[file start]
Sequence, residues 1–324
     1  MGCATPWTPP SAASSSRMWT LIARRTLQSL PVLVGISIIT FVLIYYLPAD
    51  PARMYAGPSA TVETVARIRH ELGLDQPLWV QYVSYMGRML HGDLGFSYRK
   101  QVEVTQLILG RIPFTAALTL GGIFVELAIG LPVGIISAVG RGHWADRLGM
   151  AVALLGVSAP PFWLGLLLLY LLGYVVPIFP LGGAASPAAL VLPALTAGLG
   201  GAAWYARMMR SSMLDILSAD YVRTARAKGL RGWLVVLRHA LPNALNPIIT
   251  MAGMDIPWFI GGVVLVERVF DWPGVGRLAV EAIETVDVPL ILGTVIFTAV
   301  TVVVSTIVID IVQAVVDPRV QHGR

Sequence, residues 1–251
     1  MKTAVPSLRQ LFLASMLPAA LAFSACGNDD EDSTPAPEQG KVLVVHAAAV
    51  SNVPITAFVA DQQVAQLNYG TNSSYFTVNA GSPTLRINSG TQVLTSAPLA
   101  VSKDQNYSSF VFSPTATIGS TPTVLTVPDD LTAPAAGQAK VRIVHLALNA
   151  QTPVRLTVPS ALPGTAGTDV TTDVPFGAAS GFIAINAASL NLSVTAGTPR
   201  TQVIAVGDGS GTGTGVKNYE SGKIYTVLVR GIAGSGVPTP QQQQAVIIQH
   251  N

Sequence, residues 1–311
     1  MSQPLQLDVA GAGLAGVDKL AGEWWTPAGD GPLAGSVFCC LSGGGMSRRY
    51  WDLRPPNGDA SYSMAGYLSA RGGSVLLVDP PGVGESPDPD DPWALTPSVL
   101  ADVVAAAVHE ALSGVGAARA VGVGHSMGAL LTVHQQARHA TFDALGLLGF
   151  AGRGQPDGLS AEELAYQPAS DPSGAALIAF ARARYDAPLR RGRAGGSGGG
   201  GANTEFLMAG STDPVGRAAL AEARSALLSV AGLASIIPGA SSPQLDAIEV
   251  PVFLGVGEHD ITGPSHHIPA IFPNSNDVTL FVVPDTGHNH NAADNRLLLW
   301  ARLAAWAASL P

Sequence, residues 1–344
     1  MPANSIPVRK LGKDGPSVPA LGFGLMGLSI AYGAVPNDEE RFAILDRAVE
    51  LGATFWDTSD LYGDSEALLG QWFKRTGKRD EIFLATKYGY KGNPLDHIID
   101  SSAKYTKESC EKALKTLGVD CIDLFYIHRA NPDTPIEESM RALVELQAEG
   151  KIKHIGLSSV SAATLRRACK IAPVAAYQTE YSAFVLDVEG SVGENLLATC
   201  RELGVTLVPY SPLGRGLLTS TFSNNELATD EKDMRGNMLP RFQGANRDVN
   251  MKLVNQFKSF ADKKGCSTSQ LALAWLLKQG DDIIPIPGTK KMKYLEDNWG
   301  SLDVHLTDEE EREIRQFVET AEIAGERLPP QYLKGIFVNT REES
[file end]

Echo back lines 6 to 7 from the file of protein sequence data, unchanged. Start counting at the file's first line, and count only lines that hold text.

   201  GAAWYARMMR SSMLDILSAD YVRTARAKGL RGWLVVLRHA LPNALNPIIT
   251  MAGMDIPWFI GGVVLVERVF DWPGVGRLAV EAIETVDVPL ILGTVIFTAV